The Hockey Canada Skills Academy to begin in two Saskatchewan schools this fall aims for a 50/50 split between male and female participants. Photo courtesy Hockey Canada

Hockey to augment school’s curriculum

  • June 6, 2021

The Hockey Canada Skills Academy (HCSA) hopes to be part of the new normal at two schools in southern Saskatchewan when the next school year resumes.

After two years of interruptions to in-person learning and sports programs due to COVID, kids with a passion for hockey will be able to experience some of their school learning on ice through the pilot program. The skills academy will operate in St. Michael School in Weyburn and Sacred Heart School in Estevan come the 2021-22 school year. 

Schools in the region just returned to in-person learning after their most recent interruption which involved three weeks of virtual school due to COVID. Extra curriculars have been on pause the whole school year.

“Our students have struggled greatly with that inability to play those sports that they were passionate about,” said Amber Hilstrom, principal at Sacred Heart School which covers pre-Kindergarten to Grade 8. “Many of our students are very active so this year has hit them hard. This is just a way to be able to provide them with more opportunities in hopes that things are opening up next year when we return.”

Both elementary schools, located roughly a two-hour drive southeast of Regina, will have 50 spots open for students in Grades 6 and up who will go through an application process to be considered. Students will head to the rink twice a week for half a day with provincial curriculum driving the program outcomes in areas such as physical education, science, math, health and anything else educators are able to incorporate.

With both on-ice and off-ice components, students will engage in school work as well as power skating and hockey drills.

As a community with plenty of hockey families, Chad Fingler, superintendent of school operations with the Holy Family Roman Catholic Separate School Division, says a students’ passion for the game will be used to fuel how they learn.

“When you’ve got a kid that really wants to play hockey they’re going to go to the rink and through hockey, their teachers are going to be aligning their learning to that,” said Fingler. “So whether it’s a design outcome or diagramming hockey drills onto a piece of paper, they can through hockey work with various math concepts such as vectors and angles. They can also start to use that hockey planning for goal setting, health curriculums and making action plans for healthy lifestyles and wellbeing. It’s all of the same (lessons) they would be doing in the classroom except at the ice rink instead. The learning will be tied to their hockey and passion.”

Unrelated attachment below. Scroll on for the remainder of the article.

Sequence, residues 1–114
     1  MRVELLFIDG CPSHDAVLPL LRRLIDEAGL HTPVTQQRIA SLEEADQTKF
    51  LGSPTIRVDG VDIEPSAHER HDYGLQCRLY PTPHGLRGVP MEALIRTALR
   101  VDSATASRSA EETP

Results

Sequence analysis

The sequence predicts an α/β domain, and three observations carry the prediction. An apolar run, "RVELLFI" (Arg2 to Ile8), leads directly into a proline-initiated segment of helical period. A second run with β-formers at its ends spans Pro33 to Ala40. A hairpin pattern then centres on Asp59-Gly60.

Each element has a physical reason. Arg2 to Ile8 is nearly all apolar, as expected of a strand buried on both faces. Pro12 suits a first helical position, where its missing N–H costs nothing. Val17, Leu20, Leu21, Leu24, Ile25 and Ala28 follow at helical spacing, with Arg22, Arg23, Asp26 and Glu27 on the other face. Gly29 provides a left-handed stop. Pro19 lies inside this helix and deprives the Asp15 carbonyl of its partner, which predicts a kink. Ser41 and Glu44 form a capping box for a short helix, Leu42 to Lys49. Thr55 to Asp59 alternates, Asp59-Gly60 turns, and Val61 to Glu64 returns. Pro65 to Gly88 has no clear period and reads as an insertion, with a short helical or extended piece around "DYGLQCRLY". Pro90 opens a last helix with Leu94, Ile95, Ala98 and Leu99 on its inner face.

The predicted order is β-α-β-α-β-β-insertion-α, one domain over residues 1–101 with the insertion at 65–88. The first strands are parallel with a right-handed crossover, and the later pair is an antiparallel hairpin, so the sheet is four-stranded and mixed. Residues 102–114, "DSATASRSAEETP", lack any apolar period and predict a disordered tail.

Fingler had been looking for partnerships with organizations outside of traditional school walls when he was approached by a parent involved in minor hockey about HCSA. As part of the Deeper Learning network of schools which explores different and individualized approaches to providing students with relevant learning opportunities, Fingler was in search of ways to engage students in learning through real-life experiences. Given the strong hockey culture in the two school communities, the skills academy felt like the perfect fit.

The HCSA program began in 2001 and has been in regions across the nation ever since. Currently in 150 schools across Canada, there are 5,500 students participating in the skills academy every year. The program is run in almost every province and in the Yukon Territory. Catholic schools make up 40 per cent of all those participating in the initiative.

A fully inclusive program, it is open to any student to apply regardless of skill level, making it a great way for late starters to the sport to become integrated. One of the core mandates is to get more girls involved, said Teal Gove, manager of hockey development at Hockey Canada. Both schools are aiming for a 50/50 split between male and female participants in the program.

As individual girls register, Gove has found that many more decide to sign up so they can be in the same class with their friends. Things tend to snowball from there, expanding the opportunity for more kids to get into the sport long term.

“We want this to be a way that students are introduced to hockey and then hopefully after a year or two in the skills academy, they want to join a minor hockey team as well,” said Gove. “It’s for sure meant to be skills development, to help students who are already playing but also designed to welcome new players to the game.”

The program will include a partnership with the Weyburn Red Wings and the Estevan Bruins, teams in the Saskatchewan Junior Hockey League.

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